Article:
Most Mabs of the panel were tested for applicability in the FACS technique. Because all tested Mabs in the panel failed to stain viable cells, the cells were permeabilized prior to testing in the subsequent experiments. As shown in Table 1, all MDR molecules, except for MDR3 P-gp which was not tested, can be detected with this technique. Best results were obtained when Lysing Solution G was used for MIB6, MRPm6,MRPm5, M2III-6, M3II-9, and M5I-1 staining and formaldehyde in acetone for MRPr1 staining.
To date, the contribution of two ABC transmembrane transporter proteins, MDR1 P-gp and MRP1, to the MDR phenotype of human tumor cells is well established. Although the contribution of family members of these transporter proteins to MDR is still under investigation, it has become clear that at least some of these members are able to transport anticancer drugs (7, 64, 70). Whether they also play a role in drug resistance in patients remains to be established. If so,detection of these transporter proteins will be very important for monitoring chemotherapy. For that purpose and to study the physiological function of the transporter proteins, specific monoclonal antibodies are essential. Because the different transporter proteins have a significant homology with each other, it is imperative to know whether the Mabs are specific in detecting only the transporter of interest. In this study, we have tested a panel of new and formerly produced Mabs to MDR3 P-gp, MRP1, MRP2, MRP3, and MRP5 for specificity in detecting their cognate antigens and for reactivity in commonly used techniques, such as immunohistochemistry and Western blotting. As shown in Figs. 3 and 4 and Table 1, all Mabs in this panel specifically detect only the transporter molecule to which they were raised. Also,the previously produced anti-MRP1 Mabs MRPr1, MRPm5, and MRPm6 appeared not to cross-react with any of the related transporter proteins tested. At this stage, cross-reactivity of the panel of Mabs with MRP4, MRP6,and BCRP cannot be excluded, but this is, given the respective sequence differences in the regions used in the fusion proteins, very unlikely. Moreover, staining of cytospins of the mitoxantrone-resistant MCF-7 MR cell line, a cell line with reported high levels of BCRPmRNA (71), did not indicate cross-reactivity of any of the Mabs with this transporter (data not shown).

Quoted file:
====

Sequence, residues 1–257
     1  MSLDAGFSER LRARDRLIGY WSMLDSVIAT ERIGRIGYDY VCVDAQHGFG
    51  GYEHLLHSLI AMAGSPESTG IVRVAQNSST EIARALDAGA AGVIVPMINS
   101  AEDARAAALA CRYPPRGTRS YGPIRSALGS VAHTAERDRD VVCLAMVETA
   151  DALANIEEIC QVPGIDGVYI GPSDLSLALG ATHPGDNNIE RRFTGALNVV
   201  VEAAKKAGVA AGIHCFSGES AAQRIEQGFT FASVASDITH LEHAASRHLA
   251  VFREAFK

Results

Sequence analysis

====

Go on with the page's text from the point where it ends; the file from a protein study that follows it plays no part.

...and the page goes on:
Nevertheless, when the staining results of the panel of Mabs on frozen sections of normal human tissues were analyzed, some discrepancies were noted when Mabs detecting a given transporter were compared. For example, although we have described the presence of MRP2mRNA in nerve tissue (5), of the four anti-MRP2 Mabs only M2I-4 strongly reacts with nerves in several tissues. Additional studies need to investigate whether this reactivity is based on, e.g., alternative protein processing and masking the epitopes of the other MRP2 Mabs, or is attributable to cross-reactivity with a protein present in nerve tissue.
This will have to be determined for the observed M2III-6 staining of the bronchial epithelium in the lung as well. Also, the MDR3 P-gp staining in the glomeruli of the kidney was only observed with the P3II-26 Mab. Although a similar explanation as presented above could apply here as well, a difference in affinity of the Mabs might also play a role. Apparently, the P3II-26 Mab detects MDR3 P-gp with a higher affinity than the P3II-1 Mab, as judged from the staining results observed in liver tissue. Small differences in expression of the transporter molecules between samples was observed. These differences can probably be explained either by differences in expression of these highly adaptable proteins or by differences in the tissue (e.g., length of storage time or autopsy material versus surgical material).
Basically, all Mabs performed very well in immunohistochemical staining techniques with cytospins or frozen tissue sections. As expected, in the other techniques differences in reactivity and suitability were noted. Epitope conformation is known to depend on the way the antigen is treated. Generally, Mabs selected with linear (poly)peptides in ELISA systems perform relatively well in Western blot techniques, in which the antigen is fully linearized. Mabs selected with more native proteins (e.g., as present on viable cells or cell membranes) are more likely to detect nonlinear epitopes and usually are less suited for Western blot techniques. A typical example is the MIB6 Mab. The Mab was selected on MRP1-positive membrane vesicles and detects MRP1 in cytospins and in the FACS but is unreactive in Western blots. Nevertheless, together with the earlier produced anti-MRP1 Mabs,for all of the MDR-related transporter proteins studied thus far, Mabs have become available performing well in Western blotting.